Basically you need to drop rail voltages and increase standing current
for lower impedance, for the same standing output heat dissipation.
(You also drop rail voltages for a 4ohm amplifier if your
pushing the thermal SOA limits of the output devices.)
Heatsinking here matters.

A quarter A amplifier 10W A, 40W B into 4 ohms would
deliver 20W A into 8 ohms and never enter class B.

Going for quarter A into 6 ohms is a fair compromise.
About 1/3 A into 8 ohms and 1/8 A into 4 ohms.

rgds, sreten.
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Last edited by sreten; 8th September 2011 at 07:20 PM.
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Old 8th September 2011, 07:07 PM   #6
jcx is offline jcx  United States
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Class A bias is determined by the amount of current, a typical push-pull (complementary Q) output stage can deliver up ~ 2x the bias current "in Class A"
since the current is fixed the Class A power into 1/2 the load Z gives only 1/2 the Class A power at 1x load

if you want a larger (or even the same) region of Class A operation in Watts with lower Z load you need more bias current

Last edited by jcx; 8th September 2011 at 07:09 PM.
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Old 8th September 2011, 09:49 PM   #7
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Thanks a lot for your anwsers!
So this is current limited, perfect!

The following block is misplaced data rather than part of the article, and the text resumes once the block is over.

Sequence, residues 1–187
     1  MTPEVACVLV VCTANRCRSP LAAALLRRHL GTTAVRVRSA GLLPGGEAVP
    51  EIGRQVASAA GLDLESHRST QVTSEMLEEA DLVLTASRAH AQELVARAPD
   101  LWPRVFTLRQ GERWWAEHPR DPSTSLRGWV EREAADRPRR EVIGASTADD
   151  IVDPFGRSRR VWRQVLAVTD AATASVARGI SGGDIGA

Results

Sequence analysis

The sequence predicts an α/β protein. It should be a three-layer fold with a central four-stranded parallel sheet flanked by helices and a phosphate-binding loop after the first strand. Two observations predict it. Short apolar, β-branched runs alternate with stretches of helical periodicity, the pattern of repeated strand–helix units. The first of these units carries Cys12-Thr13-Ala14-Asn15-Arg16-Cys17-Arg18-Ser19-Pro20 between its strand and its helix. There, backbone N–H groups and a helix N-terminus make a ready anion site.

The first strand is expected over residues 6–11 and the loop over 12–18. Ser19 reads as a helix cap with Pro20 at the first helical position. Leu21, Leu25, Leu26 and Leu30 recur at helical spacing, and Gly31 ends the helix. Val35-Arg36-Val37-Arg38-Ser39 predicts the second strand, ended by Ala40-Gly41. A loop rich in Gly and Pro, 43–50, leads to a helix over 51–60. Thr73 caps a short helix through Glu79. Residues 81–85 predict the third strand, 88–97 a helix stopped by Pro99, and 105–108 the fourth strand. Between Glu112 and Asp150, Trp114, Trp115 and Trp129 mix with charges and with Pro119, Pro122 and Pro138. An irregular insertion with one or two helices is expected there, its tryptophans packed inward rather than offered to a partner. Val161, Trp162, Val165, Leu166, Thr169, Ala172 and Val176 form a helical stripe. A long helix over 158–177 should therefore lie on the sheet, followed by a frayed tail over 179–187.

I asked this question because I am going to use an autoformer between my amplifier and a compression driver (active setup) to reduce the voltager the compression drivers gets and lower the hiss. The amplifier will see a higer impedance (for exemple 64ohms if I want to drop the level by 6dB on my 16ohms compression driver), and I was worried if I would still get the same amount of class A behavior...
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Old 12th September 2011, 02:23 PM   #8
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Hi,

If you do that you will get more class A behaviour, a lot more.

But note that 2:1 will attenuate the tweeter by 12dB,
not 6dB, for 6dB you use a 1.41:1 ratio, x2 impedance.

rgds, sreten.
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Old 12th September 2011, 03:10 PM   #9
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i presume that all the above is some kind of joke ....

i cant understand why any one will overbias a class Ab amplifier to approach class A and then put in the midle any transformer that obviously will degarde signal quality, speed and bandwidth ...

then again the word HISS i understand as noise comming from tweeters ( wrong ? ) so if a system produces hiss you try to eliminate the problem before the speaker looking at amps preamsp eqs (?) or xovers that are conected in the system

...
sakis
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Old 12th September 2011, 03:23 PM   #10
sreten is offline sreten  United Kingdom
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Quote:
Originally Posted by sakis View Post

i presume that all the above is some kind of joke ....
...
sakis
Hi,

No. Its a perfectly sensible way of attenuating a tweeter and
maintaining amplifier damping that you'd lose using resistors.

Whatever the bias is set to high impedance gives more class A.

rgds, sreten.